Rowan was watching Chaol as if he might be dinner. Depending on his Fae form, that might not be too far wrong.

Every instinct was screaming at him to run, despite the fact that Rowan had been nothing but polite. Distant and intense, but polite. Still, Chaol didn’t need to see the prince in action to know that he would be dead before he could even draw his sword.

“You know, he won’t bite,” Aelin crooned.

Chaol leveled a stare at her. “Can you just explain what these maps are for?”

“Anything you, Ress, or Brullo can fill in regarding these gaps in the castle defenses would be appreciated,” she said. Not an answer. There

was no sign of Aedion among the stacked crates, but the general was probably listening from somewhere nearby with his keen Fae hearing.

“For you to bring down the clock tower?” Chaol asked, folding up the map and tucking it into the inner pocket of his tunic.

“Maybe,” she said. He tried not to bristle. But there was something settled about her now—as if some invisible tension in her face had vanished. He tried not to look toward the door again.

“I haven’t heard from Ress or Brullo for a few days,” he said instead. “I’ll make contact soon.”

She nodded, pulling out a second map—this one of the labyrinthine network of the sewers—and weighted down the ends with whatever small blades she had on her. A good number of them, apparently.

“Arobynn learned that the missing prisoners were taken to Morath last night. Did you know?”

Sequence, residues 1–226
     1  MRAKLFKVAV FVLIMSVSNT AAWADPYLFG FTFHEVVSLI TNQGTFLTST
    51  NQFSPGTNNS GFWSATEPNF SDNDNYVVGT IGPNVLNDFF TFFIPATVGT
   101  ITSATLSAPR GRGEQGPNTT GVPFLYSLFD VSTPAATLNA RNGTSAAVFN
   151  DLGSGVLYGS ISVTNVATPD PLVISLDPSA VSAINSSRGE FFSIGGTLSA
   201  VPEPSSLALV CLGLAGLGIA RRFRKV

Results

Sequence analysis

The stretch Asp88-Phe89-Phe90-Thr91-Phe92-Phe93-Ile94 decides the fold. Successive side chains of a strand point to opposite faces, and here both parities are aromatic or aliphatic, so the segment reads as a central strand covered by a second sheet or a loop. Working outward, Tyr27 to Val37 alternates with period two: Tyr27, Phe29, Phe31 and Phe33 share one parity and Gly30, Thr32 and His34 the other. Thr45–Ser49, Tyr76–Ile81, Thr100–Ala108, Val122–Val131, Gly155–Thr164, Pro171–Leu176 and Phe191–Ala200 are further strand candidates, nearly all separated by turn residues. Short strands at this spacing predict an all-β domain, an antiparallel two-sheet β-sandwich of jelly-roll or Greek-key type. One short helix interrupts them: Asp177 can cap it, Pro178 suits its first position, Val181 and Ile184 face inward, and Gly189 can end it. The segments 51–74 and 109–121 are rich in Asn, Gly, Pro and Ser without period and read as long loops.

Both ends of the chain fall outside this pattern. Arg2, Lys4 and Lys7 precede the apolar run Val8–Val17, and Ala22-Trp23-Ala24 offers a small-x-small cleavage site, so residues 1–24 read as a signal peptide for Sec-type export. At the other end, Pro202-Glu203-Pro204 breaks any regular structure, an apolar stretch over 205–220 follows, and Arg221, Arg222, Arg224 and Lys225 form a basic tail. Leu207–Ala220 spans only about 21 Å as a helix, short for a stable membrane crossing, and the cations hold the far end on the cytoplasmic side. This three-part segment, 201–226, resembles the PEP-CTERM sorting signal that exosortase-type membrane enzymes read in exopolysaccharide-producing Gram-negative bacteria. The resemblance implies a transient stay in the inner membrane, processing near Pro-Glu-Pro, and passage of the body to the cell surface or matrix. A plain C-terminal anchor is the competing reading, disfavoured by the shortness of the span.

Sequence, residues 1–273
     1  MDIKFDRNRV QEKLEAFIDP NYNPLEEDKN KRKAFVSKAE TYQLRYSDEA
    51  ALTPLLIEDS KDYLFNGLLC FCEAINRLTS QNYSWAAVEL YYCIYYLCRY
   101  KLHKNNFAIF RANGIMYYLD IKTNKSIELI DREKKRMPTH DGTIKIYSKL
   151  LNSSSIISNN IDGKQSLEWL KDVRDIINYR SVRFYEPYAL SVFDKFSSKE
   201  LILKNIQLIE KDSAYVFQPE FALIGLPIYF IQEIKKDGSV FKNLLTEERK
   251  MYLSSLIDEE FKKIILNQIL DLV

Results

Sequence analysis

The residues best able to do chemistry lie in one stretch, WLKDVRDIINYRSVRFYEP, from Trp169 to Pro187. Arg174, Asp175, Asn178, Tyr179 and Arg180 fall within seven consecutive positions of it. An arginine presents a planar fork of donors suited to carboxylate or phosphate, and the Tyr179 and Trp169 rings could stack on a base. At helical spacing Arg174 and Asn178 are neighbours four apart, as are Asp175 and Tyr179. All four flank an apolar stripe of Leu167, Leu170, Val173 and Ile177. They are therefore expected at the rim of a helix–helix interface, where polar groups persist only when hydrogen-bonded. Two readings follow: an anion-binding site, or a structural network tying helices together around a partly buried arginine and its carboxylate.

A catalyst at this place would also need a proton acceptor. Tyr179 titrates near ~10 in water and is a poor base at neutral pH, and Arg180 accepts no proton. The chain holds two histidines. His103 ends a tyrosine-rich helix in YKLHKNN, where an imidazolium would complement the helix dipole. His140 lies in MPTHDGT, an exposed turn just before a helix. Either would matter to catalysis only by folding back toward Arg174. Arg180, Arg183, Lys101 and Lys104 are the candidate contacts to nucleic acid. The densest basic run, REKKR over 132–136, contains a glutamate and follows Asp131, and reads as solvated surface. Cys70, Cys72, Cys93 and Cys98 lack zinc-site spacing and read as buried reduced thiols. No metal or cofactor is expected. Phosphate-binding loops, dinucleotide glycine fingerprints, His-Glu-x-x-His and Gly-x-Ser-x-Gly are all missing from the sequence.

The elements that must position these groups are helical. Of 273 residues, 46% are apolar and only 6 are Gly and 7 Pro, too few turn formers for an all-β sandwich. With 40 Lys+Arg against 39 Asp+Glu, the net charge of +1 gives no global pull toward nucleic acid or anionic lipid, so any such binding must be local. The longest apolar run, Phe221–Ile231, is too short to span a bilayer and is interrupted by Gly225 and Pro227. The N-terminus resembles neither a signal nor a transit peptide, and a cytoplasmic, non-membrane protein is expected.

Another failure that fell on his shoulders—another disaster. “No.” “They can’t have gotten far. You could gather a team and ambush the

wagons.”

“I know I could.” “Are you going to?”

He laid a hand on the map. “Did you bring me here to prove a point about my uselessness?”

She straightened. “I asked you to come because I thought it would be helpful for the both of us. We’re both—we’re both under a fair amount of pressure these days.”

Her turquoise-and-gold eyes were calm—unfazed. Chaol said, “When do you make your move?” “Soon.”

Again, not an answer. He said as evenly as he could, “Anything else I should know?”

“I’d start avoiding the sewers. It’s your death warrant if you don’t.” “There are people trapped down there—we’ve found the nests, but no

sign of the prisoners. I won’t abandon them.”

“That’s all well and good,” she said, and he clenched his teeth at the dismissal in her tone, “but there are worse things than Valg grunts patrolling the sewers, and I bet they won’t turn a blind eye to anyone in their territory. I would weigh the risks if I were you.” She dragged a hand through her hair. “So are you going to ambush the prison wagons?”

“Of course I am.” Even though the rebels’ numbers were down. So many of their people were either fleeing the city altogether or refusing to risk their necks in an increasingly futile battle.

Was that concern flickering in her eyes? But she said, “They use warded locks on the wagons. And the doors are reinforced with iron. Bring the right tools.”

He drew in a breath to snap at her about talking down to him, but— She would know about the wagons; she’d spent weeks in one.

He couldn’t quite meet her stare as he straightened up to go.

“Tell Faliq that Prince Rowan says thank you for the clothes,” Aelin said.

What the hell was she talking about? Perhaps it was another jab.

So he made for the door, where Rowan stepped aside with a murmured farewell. Nesryn had told him she’d spent the evening with Aedion and Aelin, but he hadn’t realized they might be … friends. He hadn’t considered that Nesryn might wind up unable to resist the allure of Aelin Galathynius.

Though he supposed that Aelin was a queen. She did not falter. She did not do anything but plow ahead, burning bright.

Even if it meant killing Dorian.

They hadn’t spoken of it since the day of Aedion’s rescue. But it still hung between them. And when she went to free magic … Chaol would again have the proper precautions in place.

Because he did not think she would put her sword down the next time.